The proposed rule indicates that employers will be asked to provide “basic information” for the filing, such as: (1) employer’s name; federal employer identification number (FEIN); (2) authorized representative’s name, job title, and contact information; (3) beneficiary’s name, date of birth, country of birth, country of citizenship, gender, and passport number; (4) indication of whether the beneficiary falls under the Master’s cap or regular cap; (5) employer’s attorney information and electronic G-28; and (6) any additional basic information. We note that the information collected by USCIS at the registration stage is subject to change.
What are the benefits?
The current H-1B cap process is criticized for a lack of transparency, and numerous other inefficiencies. The proposed rule would streamline the H-1B cap selection process, offer greater predictability to all stakeholders, and likely save employers substantial costs in attorneys fees.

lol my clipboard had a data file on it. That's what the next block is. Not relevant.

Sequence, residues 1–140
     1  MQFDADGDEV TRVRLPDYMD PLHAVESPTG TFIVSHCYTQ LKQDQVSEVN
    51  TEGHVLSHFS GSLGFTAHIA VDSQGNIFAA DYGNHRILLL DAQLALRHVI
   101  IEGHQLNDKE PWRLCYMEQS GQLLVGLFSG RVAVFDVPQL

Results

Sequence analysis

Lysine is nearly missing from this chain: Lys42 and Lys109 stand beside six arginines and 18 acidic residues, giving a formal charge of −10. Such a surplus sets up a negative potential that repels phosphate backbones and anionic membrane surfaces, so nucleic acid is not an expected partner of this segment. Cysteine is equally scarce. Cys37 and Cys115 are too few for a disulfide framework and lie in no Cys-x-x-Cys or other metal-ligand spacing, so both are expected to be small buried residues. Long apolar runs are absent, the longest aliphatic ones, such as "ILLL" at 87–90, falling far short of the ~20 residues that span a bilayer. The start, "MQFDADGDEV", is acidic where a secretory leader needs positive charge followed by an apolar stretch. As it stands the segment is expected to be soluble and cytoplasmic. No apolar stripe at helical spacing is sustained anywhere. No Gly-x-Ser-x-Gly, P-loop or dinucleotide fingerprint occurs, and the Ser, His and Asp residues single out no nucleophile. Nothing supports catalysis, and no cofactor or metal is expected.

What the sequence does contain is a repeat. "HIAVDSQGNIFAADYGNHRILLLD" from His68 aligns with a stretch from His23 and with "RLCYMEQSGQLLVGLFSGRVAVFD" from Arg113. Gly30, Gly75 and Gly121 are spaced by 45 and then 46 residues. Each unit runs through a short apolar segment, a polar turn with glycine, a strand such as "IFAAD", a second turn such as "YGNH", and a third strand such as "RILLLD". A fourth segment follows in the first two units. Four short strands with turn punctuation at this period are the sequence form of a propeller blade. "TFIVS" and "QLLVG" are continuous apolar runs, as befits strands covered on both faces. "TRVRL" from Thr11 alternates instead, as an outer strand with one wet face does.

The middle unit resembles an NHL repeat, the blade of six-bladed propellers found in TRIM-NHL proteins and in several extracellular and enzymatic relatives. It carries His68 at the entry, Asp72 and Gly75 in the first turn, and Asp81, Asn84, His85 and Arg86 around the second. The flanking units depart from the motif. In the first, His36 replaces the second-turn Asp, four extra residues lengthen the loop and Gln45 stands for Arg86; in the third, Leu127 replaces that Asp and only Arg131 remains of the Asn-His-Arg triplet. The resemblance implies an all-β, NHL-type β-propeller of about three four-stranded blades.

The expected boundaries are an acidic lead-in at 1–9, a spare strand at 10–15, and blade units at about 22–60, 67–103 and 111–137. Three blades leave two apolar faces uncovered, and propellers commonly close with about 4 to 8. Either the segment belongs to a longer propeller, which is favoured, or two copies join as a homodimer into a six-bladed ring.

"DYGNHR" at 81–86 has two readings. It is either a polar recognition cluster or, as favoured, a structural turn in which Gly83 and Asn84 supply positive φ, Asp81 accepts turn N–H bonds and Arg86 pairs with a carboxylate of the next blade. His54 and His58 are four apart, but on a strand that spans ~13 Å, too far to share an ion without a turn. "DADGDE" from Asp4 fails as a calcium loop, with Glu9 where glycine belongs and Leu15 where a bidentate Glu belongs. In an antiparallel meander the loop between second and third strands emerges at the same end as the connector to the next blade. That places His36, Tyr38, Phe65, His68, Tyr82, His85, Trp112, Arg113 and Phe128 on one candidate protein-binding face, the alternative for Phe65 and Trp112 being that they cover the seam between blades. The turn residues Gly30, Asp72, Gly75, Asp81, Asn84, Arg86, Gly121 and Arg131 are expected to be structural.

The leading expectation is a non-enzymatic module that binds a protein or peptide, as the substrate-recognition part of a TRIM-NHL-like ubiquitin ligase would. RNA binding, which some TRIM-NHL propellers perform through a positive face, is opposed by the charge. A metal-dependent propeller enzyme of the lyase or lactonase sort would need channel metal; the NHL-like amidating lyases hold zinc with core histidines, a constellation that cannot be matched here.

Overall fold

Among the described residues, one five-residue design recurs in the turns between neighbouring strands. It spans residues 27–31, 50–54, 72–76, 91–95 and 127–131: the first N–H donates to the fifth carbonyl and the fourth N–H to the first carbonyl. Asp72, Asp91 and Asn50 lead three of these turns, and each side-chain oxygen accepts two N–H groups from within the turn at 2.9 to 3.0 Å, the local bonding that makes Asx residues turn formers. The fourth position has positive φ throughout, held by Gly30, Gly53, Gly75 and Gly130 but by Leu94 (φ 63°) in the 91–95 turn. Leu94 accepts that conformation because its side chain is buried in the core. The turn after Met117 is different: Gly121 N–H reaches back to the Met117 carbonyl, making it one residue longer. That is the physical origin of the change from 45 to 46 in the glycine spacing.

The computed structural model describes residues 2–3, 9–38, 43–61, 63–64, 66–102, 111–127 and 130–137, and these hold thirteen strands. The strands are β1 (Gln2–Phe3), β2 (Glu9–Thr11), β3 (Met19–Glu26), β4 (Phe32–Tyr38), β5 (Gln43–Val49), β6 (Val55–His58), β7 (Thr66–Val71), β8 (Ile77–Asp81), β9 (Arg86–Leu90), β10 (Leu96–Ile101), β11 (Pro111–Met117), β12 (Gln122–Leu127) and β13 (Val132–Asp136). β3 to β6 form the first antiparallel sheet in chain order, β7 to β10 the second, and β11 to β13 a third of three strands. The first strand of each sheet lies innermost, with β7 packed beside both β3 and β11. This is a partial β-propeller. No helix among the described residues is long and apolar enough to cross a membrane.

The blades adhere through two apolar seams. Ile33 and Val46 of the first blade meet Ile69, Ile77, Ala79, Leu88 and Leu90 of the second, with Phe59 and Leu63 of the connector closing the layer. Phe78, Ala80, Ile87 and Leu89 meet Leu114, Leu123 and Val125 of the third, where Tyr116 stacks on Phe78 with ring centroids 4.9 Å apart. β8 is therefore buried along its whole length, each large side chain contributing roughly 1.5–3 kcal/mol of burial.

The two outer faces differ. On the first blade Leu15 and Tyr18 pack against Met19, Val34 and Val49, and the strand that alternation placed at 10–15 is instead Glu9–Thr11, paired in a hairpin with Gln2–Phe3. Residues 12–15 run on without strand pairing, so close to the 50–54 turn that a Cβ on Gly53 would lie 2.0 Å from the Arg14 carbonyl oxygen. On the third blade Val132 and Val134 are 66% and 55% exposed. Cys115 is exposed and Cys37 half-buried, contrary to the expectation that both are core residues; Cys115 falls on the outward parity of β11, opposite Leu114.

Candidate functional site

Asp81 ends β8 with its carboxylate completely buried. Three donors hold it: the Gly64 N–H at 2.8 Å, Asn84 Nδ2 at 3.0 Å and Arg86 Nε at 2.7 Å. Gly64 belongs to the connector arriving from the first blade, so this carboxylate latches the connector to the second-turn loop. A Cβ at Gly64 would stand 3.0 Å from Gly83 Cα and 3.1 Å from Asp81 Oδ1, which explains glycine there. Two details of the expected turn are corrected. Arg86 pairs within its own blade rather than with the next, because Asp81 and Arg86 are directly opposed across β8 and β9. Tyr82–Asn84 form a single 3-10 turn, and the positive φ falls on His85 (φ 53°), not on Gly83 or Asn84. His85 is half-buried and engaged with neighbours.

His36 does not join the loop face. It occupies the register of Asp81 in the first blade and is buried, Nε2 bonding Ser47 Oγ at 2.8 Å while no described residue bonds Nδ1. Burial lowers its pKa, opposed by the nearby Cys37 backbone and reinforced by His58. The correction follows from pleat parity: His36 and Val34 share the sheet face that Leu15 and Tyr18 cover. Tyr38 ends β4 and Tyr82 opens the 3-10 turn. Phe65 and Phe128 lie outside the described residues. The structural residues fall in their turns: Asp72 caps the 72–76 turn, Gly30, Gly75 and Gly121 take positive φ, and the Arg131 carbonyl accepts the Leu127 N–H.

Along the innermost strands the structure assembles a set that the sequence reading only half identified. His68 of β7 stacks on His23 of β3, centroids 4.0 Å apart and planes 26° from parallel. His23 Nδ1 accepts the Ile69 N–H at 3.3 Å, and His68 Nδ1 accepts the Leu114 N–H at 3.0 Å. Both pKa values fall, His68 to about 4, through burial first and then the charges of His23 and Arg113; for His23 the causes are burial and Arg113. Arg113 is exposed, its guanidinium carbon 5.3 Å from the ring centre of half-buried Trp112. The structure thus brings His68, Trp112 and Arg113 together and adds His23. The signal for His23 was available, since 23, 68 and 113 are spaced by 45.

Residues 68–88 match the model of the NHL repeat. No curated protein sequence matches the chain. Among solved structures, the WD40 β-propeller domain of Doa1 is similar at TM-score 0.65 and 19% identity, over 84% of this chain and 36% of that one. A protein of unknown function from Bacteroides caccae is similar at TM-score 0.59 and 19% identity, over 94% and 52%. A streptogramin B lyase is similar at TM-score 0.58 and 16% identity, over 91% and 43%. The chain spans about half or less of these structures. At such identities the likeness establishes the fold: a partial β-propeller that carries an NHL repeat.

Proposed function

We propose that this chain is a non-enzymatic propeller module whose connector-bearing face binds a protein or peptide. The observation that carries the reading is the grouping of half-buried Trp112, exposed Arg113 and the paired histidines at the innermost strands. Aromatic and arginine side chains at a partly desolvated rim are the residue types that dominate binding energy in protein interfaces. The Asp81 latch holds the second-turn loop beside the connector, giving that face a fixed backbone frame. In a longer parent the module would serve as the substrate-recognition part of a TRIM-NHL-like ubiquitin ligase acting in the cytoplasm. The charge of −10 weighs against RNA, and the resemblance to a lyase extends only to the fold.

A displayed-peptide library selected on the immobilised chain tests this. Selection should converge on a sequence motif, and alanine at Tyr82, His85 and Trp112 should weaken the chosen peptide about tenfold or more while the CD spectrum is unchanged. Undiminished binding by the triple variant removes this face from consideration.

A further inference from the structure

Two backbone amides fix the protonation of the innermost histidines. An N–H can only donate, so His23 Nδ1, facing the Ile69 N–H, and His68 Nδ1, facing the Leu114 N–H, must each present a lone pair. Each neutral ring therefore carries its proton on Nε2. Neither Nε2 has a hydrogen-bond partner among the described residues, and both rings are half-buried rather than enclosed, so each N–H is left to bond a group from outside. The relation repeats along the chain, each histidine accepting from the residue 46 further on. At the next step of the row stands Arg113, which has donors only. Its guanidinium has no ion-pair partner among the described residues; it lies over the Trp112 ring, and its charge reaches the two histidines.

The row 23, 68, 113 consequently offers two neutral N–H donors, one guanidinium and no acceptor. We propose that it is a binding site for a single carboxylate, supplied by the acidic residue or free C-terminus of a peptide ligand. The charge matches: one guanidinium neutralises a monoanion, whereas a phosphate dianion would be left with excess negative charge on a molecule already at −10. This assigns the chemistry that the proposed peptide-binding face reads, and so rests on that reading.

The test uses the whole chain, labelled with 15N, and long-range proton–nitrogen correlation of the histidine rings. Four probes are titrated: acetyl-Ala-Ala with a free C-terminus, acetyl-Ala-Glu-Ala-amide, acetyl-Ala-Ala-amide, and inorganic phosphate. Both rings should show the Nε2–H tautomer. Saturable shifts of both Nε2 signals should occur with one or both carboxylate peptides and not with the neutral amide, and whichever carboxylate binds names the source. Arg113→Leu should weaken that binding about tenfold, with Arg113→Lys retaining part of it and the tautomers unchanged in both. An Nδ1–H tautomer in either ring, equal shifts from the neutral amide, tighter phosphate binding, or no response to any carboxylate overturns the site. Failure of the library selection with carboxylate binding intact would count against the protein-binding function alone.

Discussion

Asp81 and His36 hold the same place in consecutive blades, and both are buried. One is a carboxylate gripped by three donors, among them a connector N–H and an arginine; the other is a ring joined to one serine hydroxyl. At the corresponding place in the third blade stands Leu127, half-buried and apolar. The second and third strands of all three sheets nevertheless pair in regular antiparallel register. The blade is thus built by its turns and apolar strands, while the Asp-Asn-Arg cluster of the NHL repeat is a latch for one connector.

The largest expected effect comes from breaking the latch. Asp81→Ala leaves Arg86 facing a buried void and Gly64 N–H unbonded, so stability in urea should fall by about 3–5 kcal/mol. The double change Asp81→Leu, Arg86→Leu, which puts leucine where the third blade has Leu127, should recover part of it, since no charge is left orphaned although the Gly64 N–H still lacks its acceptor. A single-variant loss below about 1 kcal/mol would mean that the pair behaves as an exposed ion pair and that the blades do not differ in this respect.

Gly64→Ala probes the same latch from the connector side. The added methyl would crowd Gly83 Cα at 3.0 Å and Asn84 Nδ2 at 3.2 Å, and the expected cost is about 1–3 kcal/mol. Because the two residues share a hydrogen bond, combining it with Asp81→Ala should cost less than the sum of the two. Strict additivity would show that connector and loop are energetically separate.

Under the current process, employers submit fully-prepared cap-subject H-1B petitions during the “cap filing season” which starts on April 1st of each year. If, during the first week of the filing season, there are more petitions filed than available numbers for that fiscal year, all petitions are subject to a random selection process, or “lottery.” Petitions not accepted in the lottery are returned to the employer or employer’s counsel, and it often takes several months for employers to learn whether or not a cap-subject petition was accepted in the lottery. Moreover, because the selection process takes place after the petition is filed, employers incur all of the cost of preparing the petition, irrespective of whether or not the petition is selected for processing.  Under the proposed pre-registration process, the employer would only incur the cost of preparation for those petitions that have actually been selected in the lottery. In addition to saving employers money, the pre-registration process would inform employers much sooner as to whether a sponsored employee has been selected in the lottery. This would allow the employer and employee to better plan for the future.